Finishing the List

On 1/29/2018, I finished my list. This was hard. By this time, I’ve objectively evaluated everything. I’m not getting anywhere, and I think I had that last agent on my list unsubmitted to for a week. I’m not convinced trad pub is the way to go. I’m really concerned about the business model. I’m concerned about the work ethic. I’m concerned about the timeliness, but I can’t leave anything undone. I did submit to that last agent. But at this time, I’m also doing the math. 

It’s now been about a year and a half since I started this process. The average advance is $10,000. After the agent takes a cut and the author pays taxes, you walk away with about $5,000 to $6,000 dollars. The editing process can take another six months, and the publisher may not put the book on the publishing schedule for another 12 months, so I’m looking at another 18 months at a min. That’s 3 years. $6,000. That’s $166 a month roughly. Hmmmm. You know, I’m not impressed with that, and I’m also starting to hear horror stories about authors not liking the covers and finding typos and other things inside the books that are unsatisfactory, and the publisher is refusing to make changes. I’m also hearing horror stories about books being published and left to rot with no marketing money from the publisher. No marketing plan from the publisher. 

I'm also a huge believer in Murphy's Law.  If it can go wrong, it will go wrong, and I can very easily see all of this and more happening to me.  Not to mention, if this submission process is any indication, this is not going to go well or smoothly.  I have a feeling that this is going to be like climbing a cliff with no ropes or safety gear while being completely naked and trying to avoid cuts from the rocks.  While I don't mind a good struggle, I need to realize that this has gotten extreme.  I don't know that I have a big enough sledgehammer to break through this wall.  Lord knows, I've already pulled out the 50 pounder.  Thankfully, I knew there was another option.  I didn't have to keep banging my head against this wall.  I could take back control.  I just needed to make the decision.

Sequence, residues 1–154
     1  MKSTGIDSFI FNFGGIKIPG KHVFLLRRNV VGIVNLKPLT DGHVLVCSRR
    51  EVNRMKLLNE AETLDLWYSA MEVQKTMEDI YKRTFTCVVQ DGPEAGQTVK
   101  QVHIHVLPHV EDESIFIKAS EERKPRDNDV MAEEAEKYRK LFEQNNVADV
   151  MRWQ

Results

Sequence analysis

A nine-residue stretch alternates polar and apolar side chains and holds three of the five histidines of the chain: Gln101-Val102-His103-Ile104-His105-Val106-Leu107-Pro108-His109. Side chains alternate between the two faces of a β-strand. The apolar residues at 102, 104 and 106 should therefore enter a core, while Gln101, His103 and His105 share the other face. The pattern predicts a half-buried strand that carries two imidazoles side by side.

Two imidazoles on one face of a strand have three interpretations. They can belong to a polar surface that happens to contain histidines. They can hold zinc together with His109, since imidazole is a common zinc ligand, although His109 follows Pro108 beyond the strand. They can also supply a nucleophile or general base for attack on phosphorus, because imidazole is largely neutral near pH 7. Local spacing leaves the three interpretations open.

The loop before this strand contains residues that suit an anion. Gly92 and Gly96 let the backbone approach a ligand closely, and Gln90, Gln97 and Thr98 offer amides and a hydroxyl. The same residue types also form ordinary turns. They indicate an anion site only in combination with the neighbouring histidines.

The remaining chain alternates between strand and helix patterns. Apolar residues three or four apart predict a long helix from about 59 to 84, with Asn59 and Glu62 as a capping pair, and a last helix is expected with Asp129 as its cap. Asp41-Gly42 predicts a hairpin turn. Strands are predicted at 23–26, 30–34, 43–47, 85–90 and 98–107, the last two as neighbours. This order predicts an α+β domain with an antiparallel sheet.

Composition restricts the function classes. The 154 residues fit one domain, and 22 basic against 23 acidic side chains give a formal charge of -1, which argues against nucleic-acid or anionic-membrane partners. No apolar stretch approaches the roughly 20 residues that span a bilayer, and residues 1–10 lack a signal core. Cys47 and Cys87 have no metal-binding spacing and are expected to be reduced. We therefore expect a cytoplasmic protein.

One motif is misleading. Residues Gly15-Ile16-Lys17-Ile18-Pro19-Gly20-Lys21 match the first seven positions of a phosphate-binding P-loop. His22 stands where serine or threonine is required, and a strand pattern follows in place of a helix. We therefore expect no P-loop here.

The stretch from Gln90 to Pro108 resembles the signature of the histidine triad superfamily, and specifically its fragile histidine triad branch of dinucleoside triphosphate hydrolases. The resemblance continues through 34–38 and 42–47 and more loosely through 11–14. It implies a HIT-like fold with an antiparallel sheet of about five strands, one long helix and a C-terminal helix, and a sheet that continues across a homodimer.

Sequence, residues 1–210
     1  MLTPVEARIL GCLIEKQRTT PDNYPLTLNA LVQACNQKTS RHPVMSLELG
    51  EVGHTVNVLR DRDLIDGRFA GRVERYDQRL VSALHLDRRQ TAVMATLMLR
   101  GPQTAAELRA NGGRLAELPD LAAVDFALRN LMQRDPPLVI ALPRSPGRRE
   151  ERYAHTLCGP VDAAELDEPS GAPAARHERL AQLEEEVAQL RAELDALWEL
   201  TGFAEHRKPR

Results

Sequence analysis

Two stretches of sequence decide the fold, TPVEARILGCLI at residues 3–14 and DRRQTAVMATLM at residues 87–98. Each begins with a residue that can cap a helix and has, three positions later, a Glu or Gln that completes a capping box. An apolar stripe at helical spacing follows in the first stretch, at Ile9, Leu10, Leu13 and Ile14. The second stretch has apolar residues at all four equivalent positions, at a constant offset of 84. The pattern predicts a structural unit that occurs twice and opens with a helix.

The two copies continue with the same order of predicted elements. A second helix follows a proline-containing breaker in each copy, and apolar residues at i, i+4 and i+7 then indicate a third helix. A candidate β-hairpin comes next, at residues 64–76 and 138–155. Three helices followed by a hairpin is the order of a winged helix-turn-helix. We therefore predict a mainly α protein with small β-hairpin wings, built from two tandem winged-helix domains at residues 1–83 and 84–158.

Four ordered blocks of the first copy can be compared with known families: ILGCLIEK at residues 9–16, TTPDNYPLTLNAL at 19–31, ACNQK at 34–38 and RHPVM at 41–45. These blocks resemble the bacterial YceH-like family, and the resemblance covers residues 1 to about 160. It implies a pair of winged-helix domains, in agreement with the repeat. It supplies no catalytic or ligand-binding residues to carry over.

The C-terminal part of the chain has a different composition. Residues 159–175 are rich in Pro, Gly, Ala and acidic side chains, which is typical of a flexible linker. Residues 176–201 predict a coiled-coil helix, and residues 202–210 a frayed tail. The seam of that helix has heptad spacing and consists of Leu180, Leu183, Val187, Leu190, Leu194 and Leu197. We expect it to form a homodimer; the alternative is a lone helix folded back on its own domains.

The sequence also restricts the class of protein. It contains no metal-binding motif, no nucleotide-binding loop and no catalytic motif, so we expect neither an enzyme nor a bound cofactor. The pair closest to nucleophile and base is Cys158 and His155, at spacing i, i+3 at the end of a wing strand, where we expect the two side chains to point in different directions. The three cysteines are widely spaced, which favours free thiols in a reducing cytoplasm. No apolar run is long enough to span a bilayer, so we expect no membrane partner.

I can't deal with people who refuse to work!  That's the bottom line. I'm putting out 150% effort, and I expect my team to at least give 100%. WIth what I've seen so far, these guys aren't giving 10 percent, and I've had enough. I'm furious. I'm tired of this lazy-loser shit. So, you know what? I need to get off my ass and stop waiting around for people to get off their asses.

That was when I decided to timeout and self-pub. Increasingly, I was hearing stories about not having control over the book. Not being able to make changes, unsatisfactory marketing. And I realized that if I have to do everything myself, I might as well take full control of my work and self-publish. And that’s exactly what I did. I let all those submissions timeout, and 24 hours after the last timeout, I self-published.

I do want to make it clear that at no point did I doubt myself or my writing ability.  I never doubted the viability of my books.  I know a lot of authors succumb to self-doubt the minute they start getting rejection letters.  I never took those rejection letters personally.  They made me mad.  Every rejection felt like wasted effort and time, but I never really doubted myself.  I know I can write.  I know my stories are good, and if you are in the middle of this submission process, just remember that.  You are a good writer.  Your story is fine. It's the trad publish process that is broken. This is why self-publish is now a 26 billion-dollar-a-year industry. If you're ready to work, you can do it all yourself.